February 24, 2012

GOP = Green Organization Positive?

Seems sometimes like our neighbors down in the U.S. stereotype the Democrats as the ones who care about the environment, and the Republicans just want things to stay the same, but that might not be true.  At least, governor-wise.

There’s a news article that says Republican governors in the States are putting in place policies that promote a “green economy,” and in some cases they’ve even done a better job than their Democratic colleagues.

Here’s the deal:  A report just came out from the National Governors Association which shows that between June 2010 and August 2011, 28 states enacted more than 60 new “clean” economic development policies. Among those states, 16 — more than half of ‘em — have Republican governors. In five of the those states, the policies were started under Democratic governors and were continued by the Republicans who replaced them.  Which means that eleven of those Republican governors were doing it on their own.

“Clean” means aiming to build local supply chains to meet the growing demand for clean power. Policy-wise, that includes tax breaks for renewable energy manufacturers, grants for clean-tech start-ups andprograms that train folks for green jobs.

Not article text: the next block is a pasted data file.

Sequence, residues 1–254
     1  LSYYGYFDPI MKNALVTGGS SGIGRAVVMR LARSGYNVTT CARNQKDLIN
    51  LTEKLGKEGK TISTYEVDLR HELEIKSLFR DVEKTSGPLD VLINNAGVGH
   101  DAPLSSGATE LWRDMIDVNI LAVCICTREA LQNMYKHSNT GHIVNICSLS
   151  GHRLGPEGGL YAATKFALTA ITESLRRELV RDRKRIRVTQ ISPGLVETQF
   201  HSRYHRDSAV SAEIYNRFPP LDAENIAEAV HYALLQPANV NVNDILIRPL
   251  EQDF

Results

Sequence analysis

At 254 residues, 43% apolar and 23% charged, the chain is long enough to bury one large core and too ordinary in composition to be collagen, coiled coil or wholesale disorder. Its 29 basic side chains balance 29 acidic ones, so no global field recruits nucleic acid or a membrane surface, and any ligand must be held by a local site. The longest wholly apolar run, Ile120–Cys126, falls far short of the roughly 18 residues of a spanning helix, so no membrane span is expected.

Installing solar panels in Colorado. Part of a nutritious green economic development policy breakfast. Good job, guys.

Sounds good to me.  You know, a lot of Canadian news focuses on what’s happening with our “downstairs neighbors,” even far up where I am.  So it’s nice to hear a bit of good news that shows people defying their stereotypes — ‘specially with all that political bickering they got going on down there all the time — and doing green stuff that hopefully helps keeps my icebergs right where I want ‘em.


February 8, 2012

It’s a bird, it’s a… green airplane?

I’m partial to ships, but that doesn’t mean I don’t pay attention to other forms of transportation.  When I was a little one, I went nuts for just about anything that moved people from one place to another:  trucks, trains, cars, ships, and planes.  For some reason the thrill of spotting everything but ships faded.  I guess ’cause they’re just so darn easy to see.  But I’d love to spot these things in the air:

‘The hell is this, you ask?  Why, let me explain:

Science Daily’s reporting on how the good folks at NASA challenged three aeronautics firms — Boeing, Lockheed Martin, and Northrop Grumman — to come up with new designs that’ll help the aircrafts of the future burn 50% less fuel than those that started flying in 1998 (the study’s baseline), AND with 75% fewer harmful emissions, AND will shrink the areas affected by airport noise by 83%.  It’s all part of NASA’s .Environmentally Responsible Aviation Project.  (Who knew?  I guess you and me now.)  The three aircraft you see in the picture represent the three firms’ various efforts to meet the criteria.